A power shift in Congress is bringing pressure to bear on the student borrowing business, reports Jon Marcus.
America's $17 billion-a-year (£9 billion) student-loan industry has come under scrutiny from the Democrats as they prepare to assume power in Congress.
The industry, a longtime ally of the newly rejected Republican majority, has been accused of everything from bribing university officials to profiteering from government subsidies.
The Democrats have called for the investigation of one loan company and for new laws that would impact on others. University financial aid officers may well be next on the hit list.
"Everything is starting to bubble to the surface," said Karin Pellmann, spokeswoman for MyRichUncle, a new loan company founded by two recent graduates of New York University who have made it their mission to shine a light on the practices.
Edward Kennedy, the Democratic senator who will chair the senate education committee, proposed a law requiring universities to disclose what deals, if any, they had made with loan companies in exchange for steering students to them for private loans. Students are not required to select from the lists of "preferred lenders" supplied by universities, but most of them do.
It is not illegal for companies that offer private loans for students to pay kickbacks to universities. But it is illegal for companies to do so if they offer low-cost, government-subsidised loans. Senator Kennedy called for an investigation into whether any of these companies were providing such inducements.
"We already know that the federal student-loan programme is filled with unnecessary subsidies for the big lenders," he said. "That's why I'm even more troubled when I hear of the aggressive marketing practices of some lenders who make private loans to students. We need to examine these practices and put a stop to any action that prevents students from getting the best deal."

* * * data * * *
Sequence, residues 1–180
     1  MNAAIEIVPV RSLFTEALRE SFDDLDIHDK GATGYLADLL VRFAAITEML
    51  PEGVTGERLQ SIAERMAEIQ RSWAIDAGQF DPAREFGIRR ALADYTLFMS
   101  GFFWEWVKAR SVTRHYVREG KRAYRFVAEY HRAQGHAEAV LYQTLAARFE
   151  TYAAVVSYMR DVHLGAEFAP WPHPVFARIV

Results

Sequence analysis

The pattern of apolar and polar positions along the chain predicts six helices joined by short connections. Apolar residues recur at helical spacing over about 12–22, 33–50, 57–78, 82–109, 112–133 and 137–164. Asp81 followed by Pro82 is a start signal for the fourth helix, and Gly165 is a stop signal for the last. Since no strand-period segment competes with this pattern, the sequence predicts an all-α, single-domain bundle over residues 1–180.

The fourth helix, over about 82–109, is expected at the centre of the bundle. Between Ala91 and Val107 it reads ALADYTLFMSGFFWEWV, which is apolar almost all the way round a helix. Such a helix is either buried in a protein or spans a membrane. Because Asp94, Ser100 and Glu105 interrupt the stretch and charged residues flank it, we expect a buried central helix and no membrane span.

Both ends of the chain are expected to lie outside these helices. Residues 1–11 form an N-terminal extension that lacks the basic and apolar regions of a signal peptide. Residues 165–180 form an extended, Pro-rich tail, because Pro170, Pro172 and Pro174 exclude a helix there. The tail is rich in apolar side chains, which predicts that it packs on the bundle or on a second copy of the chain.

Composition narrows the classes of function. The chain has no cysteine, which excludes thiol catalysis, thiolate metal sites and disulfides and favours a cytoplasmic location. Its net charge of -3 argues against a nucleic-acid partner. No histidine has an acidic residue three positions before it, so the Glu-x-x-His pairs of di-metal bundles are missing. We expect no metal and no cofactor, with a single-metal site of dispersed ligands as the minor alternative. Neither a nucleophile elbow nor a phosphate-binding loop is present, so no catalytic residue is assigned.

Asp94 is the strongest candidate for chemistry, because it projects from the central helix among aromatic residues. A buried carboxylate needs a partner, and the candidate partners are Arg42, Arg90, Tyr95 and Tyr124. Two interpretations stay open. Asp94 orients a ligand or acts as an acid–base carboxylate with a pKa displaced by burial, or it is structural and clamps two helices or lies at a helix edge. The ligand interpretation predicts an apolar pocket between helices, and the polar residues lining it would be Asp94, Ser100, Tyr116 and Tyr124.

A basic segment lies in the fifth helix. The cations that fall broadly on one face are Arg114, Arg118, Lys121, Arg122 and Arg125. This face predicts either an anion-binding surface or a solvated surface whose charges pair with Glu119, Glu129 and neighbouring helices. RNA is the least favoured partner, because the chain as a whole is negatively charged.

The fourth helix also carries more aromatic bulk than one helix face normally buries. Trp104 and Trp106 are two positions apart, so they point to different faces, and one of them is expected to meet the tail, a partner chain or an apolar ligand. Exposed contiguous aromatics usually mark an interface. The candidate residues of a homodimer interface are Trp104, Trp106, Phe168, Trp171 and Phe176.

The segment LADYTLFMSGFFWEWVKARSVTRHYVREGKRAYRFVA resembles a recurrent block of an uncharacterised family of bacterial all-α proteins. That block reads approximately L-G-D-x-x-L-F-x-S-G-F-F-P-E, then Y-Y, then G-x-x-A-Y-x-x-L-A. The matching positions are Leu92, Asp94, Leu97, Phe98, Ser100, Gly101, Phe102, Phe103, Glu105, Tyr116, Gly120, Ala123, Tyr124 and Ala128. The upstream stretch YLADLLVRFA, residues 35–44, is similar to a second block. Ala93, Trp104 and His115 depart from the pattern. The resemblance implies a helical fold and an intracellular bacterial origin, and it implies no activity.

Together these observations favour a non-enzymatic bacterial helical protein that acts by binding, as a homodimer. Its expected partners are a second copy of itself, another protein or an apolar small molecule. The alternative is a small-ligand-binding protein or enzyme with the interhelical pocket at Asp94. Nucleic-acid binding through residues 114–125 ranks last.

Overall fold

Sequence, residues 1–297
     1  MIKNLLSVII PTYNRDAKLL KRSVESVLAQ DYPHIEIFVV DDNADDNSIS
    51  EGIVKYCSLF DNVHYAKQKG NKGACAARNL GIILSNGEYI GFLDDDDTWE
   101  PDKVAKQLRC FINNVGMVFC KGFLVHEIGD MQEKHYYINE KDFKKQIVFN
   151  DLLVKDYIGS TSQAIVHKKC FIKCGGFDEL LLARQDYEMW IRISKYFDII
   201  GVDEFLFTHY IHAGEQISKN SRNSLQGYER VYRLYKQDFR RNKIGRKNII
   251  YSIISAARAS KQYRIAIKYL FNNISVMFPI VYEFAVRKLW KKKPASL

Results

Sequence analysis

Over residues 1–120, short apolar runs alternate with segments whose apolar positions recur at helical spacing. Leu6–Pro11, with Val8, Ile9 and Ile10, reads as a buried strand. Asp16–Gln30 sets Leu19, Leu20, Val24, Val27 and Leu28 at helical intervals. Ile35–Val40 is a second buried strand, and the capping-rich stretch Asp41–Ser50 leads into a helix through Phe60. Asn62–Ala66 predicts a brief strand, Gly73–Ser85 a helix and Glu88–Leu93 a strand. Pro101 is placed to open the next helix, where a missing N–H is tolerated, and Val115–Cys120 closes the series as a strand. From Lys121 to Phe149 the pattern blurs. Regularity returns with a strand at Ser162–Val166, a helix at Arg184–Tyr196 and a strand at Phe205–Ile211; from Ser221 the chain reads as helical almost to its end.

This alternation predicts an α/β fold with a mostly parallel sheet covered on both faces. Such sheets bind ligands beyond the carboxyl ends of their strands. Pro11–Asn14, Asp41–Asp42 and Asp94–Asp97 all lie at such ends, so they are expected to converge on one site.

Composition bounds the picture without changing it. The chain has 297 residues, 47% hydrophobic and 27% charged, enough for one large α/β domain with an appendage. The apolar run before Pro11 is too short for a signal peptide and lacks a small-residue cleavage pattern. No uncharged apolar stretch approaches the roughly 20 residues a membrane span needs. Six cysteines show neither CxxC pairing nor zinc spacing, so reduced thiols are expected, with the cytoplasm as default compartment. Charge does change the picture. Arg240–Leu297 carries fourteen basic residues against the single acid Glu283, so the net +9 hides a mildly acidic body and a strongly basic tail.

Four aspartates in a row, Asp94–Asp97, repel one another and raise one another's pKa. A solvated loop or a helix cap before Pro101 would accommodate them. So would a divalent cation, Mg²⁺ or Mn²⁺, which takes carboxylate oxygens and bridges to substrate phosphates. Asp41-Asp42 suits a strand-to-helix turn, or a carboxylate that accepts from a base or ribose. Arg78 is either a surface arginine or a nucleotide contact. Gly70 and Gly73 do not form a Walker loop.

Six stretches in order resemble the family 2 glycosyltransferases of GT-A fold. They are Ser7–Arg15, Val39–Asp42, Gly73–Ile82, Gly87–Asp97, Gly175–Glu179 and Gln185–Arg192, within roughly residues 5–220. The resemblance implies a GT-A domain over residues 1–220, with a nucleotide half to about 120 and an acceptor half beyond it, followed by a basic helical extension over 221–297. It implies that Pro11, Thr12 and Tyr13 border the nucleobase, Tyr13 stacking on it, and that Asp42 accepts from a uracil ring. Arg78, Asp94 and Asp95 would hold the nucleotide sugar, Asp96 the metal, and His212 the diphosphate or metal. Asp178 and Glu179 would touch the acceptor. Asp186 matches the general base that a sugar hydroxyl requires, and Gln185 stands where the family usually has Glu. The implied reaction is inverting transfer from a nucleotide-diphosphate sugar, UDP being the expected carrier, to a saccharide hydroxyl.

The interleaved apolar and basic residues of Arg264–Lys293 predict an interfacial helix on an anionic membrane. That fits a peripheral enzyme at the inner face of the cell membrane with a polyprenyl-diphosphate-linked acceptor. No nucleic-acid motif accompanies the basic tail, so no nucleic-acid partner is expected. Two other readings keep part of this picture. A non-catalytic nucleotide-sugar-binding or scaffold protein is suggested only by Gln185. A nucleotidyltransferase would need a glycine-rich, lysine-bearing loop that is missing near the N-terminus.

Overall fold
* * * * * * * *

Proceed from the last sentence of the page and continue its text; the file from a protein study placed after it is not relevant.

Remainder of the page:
Asked for specific examples of such kickbacks, Mr Kennedy's office cited a copy of an invitation sent by not-for-profit company EduCap to financial aid officers for an all-expenses-paid weekend at a Four Seasons resort in Nevis in the Caribbean in February. At least three universities have also admitted accepting cash in exchange for referring students to particular lenders, though one has suspended the process because of the growing attention it attracts. And several loan companies have acknowledged providing universities with a complicated range of financial inducements. They insist that the arrangements are entirely legal.
The New York Times reported that members of the National Association of Student Financial Aid Administrators (NASFAA) at their annual summer conference were given portable DVD players and iPods.
Some loan providers make direct cash payments. Education Finance Partners pays universities a cash bonus based on how much students borrow. Although the company will not name the schools that have received this money, Boston University conceded that it received $1,500 last year.
Although the amounts were small, Ms Pellmann said: "The fact that there exists this preferred lender list that doesn't actually offer the best rates for students is a problem. We're glad this is coming under scrutiny."
Financial aid officers have bristled at the suggestion that they would accept enticements in exchange for recommending a lending company. "We strongly disagree with this all-inclusive, undocumented characterisation," said Dallas Martin, president of the NASFAA.
He said that members of the NASFAA, "almost without exception", adhere to a code of ethics, and upbraided MyRichUncle for encouraging students "to question the trustworthiness and practices of all financial aid administrators and to ignore or bypass the available services and information that their offices provide".
Democrats have also targeted another private lender, the National Education Loan Network, which was found in a federal audit to have overcharged the Government $8 million for student loan subsidies.